For an innovative start-up, the chance to work closely with an established company presents a huge opportunity. Large corporations have resources and they have customers – two things that are often in short supply for young companies. Of course the corporation has much to gain also – inviting agile innovation and fresh thinking in.

Collaboration between start-ups and large corporations is nothing new. According to McKinsey, three quarters of Fortune 100 companies have active venture units and between 2013 and 2019 there was a 32 per cent year-on-year growth in corporate venture capital investments.

The key is getting it right – and this requires work on both sides. So as a start-up or scale-up – how do you navigate these opportunities? What should you be looking for in a relationship and how do you find it? We spoke to Abhishek Sengupta, vice president of portfolio and strategy at Hexagon to find out…

 Choose wisely

Identifying a corporate that you want to work closely with should come down to two things, says Abhishek. Central to this is the customer value creation. “The aim of this open collaboration on both sides needs to be bringing additional value to customers. You must both be aligned on this to create a win-win situation.”

The second factor is more broadly around a shared vision for how they bring this value to a customer. “For example the start-up might want to bring value by democratising -access to a technology, but the corporate doesn’t believe in doing that. Then you’ve got a conflict of interest and it’s not going to work.”

Breaking the ice (with the right person)

So you’ve found your perfect match – how do you make yourself known to them? Programmes like Sixth Sense are obviously a wonderful way to get spotted and test the water working together but this isn’t always an option.

 “There’s nothing wrong with identifying the right individual and simply getting in touch,” says Abhishek. “There are many start-ups that approach our general managers and come through that way. You need to start somewhere and then it’s about building up the relationship.” 

Of course, knowing the best person is also part of the challenge. It depends on your offer, says Abhishek. “If you’ve got an innovation around joint value creation that could be productised or  taken to market within a few months, it’s good to take it to an operational manager. But if it’s more disruptive technology that requires a bit more vision, it’s best to approach someone who thinks outside of the box – such as head of straegy or the chief product officer.”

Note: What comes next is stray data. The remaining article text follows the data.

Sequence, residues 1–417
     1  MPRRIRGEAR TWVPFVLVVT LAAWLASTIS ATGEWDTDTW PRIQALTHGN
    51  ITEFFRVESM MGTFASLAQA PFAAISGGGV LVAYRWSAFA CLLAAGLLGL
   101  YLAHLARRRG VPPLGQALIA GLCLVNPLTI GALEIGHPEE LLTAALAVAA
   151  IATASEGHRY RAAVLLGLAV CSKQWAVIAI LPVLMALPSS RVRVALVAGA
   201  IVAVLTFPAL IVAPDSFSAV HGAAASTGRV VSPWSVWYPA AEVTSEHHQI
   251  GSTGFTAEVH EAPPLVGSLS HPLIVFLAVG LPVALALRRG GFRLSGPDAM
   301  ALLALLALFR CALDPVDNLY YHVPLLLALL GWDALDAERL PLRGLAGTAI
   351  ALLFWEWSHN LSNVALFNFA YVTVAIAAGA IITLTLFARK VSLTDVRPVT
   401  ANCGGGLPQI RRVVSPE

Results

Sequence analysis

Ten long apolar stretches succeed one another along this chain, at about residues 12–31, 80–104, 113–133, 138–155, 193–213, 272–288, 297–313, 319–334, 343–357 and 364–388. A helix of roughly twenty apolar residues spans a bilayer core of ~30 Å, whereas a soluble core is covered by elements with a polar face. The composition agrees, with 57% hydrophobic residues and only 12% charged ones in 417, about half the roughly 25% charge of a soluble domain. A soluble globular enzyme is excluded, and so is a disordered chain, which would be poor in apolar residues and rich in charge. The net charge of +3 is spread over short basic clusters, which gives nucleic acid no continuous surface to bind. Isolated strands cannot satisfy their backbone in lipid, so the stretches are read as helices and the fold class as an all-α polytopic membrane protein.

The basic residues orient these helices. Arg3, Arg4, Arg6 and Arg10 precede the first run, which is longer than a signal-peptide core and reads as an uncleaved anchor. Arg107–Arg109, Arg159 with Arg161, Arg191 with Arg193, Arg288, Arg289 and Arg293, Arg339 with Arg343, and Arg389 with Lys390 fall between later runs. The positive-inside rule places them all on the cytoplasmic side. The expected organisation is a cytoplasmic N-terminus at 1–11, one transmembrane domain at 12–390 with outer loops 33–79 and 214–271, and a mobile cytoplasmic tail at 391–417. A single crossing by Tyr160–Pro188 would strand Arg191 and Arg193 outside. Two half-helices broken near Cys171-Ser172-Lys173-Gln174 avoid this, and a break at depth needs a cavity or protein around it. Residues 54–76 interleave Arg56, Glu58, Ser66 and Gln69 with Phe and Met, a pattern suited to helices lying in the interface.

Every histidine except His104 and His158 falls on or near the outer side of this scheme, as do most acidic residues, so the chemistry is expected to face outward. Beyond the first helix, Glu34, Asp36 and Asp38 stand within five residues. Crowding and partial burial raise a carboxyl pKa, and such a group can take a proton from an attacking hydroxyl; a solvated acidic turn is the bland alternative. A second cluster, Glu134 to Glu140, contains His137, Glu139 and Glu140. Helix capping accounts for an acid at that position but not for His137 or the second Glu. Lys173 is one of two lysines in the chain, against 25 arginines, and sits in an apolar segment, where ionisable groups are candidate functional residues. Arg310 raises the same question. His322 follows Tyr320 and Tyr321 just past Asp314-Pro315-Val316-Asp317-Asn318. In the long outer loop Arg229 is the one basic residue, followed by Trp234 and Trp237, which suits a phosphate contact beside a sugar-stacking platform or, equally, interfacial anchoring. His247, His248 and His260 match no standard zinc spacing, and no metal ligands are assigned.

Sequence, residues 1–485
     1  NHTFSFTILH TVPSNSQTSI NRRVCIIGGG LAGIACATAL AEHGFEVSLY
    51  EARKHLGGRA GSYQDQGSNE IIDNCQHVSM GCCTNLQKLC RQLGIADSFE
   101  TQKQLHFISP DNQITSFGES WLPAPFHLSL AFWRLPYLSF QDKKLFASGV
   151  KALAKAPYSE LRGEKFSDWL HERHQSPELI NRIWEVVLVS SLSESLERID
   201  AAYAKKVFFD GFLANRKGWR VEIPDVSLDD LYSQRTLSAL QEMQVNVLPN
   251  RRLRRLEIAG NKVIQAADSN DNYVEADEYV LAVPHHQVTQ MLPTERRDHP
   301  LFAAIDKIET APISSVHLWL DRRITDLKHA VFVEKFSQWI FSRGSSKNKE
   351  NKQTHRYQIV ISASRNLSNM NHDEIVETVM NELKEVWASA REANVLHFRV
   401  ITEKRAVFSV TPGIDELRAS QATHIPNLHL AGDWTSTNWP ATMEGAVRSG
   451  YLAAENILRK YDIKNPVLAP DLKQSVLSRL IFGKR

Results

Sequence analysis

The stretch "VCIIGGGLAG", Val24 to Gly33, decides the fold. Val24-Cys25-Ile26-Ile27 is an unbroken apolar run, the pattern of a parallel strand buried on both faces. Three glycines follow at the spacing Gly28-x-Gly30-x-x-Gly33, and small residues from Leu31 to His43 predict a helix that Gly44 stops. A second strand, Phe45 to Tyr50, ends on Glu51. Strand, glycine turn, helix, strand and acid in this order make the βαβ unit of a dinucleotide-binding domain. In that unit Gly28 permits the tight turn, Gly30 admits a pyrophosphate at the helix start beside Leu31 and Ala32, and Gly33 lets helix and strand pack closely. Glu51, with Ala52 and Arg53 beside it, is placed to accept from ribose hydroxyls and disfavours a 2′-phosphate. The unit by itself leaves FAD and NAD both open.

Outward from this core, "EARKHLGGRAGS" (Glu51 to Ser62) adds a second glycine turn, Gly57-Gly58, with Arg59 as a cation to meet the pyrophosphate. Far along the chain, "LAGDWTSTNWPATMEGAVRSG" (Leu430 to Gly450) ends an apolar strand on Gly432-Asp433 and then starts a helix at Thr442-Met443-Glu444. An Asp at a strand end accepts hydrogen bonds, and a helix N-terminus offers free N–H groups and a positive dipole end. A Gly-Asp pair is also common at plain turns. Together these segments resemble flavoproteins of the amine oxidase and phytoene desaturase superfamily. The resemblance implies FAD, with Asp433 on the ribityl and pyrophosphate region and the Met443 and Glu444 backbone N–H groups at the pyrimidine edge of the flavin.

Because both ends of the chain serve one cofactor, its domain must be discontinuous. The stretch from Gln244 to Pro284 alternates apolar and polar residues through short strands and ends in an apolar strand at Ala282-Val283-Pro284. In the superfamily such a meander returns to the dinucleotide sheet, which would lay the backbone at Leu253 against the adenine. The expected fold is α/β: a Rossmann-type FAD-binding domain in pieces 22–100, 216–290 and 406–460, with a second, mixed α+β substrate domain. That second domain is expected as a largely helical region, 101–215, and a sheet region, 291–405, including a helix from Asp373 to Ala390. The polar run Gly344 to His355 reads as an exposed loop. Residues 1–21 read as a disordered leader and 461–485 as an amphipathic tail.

Are we in this for life?

This is a hard question to answer – it depends on the stakeholders but Abhishek believes one should judge this by milestones. “Certainly both parties should try and figure out what they want to get out of the collaboration and create a plan based on that. But then I believe in setting small goals and milestones and once those have been achieved – scaling from there.”

The secret to success you didn’t think of

One of the key challenges in pushing for the success of a product or partnership is actually at the selling point – which makes incentives very important. “This is an area that can be neglected. Ultimately a salesperson will try and sell the product they have been incentivised to sell. So always keep the business model and value flow in mind. You’ve got to find out what makes the machine tick and work with the corporation to create the correct incentives. A CEO might love a product but if the sales team doesn’t prioritise it, it won’t work.”

Ambition is also an important sticking point. If you create too ambitious a plan this can lead to early disappointment. “If you don’t hit your sky-high numbers, it demotivates everyone.”

When to walk away

It’s a difficult situation but it often comes down to milestones again – if either party isn’t hitting them, perhaps it’s time to call it a day. “At some point you have to make a call. These relationships can be a drain on the partners, especially the start-up,” says Abhishek. “If a start-up is spending 50% of its time working on something for the corporate and it’s not making money, the relationship won’t last long.”

It’s hard but it’s worth it…

The road to start-up and corporate success may appear difficult but if you can get it right – it is worth it. “As we’ve said, work towards a win-win situation,” says Abhishek. “Corporates do have experience and reach into markets that start-ups can’t access, finding the right partnership is worth the effort.

“The strategies and business models for supporting these partnerships are getting better all the time. We’re all learning the best approach and it’s getting easier and easier.”

 Further reading and listening:

 Listen: How corporate start-up studios and entrepreneurs are building the successful start-ups of tomorrow hand in hand

Read: Winning Together: a guide to successful corporate-startup collaborations

Read: 4 reasons why startups and corporates should work together – How can David and Goliath use each other’s strengths?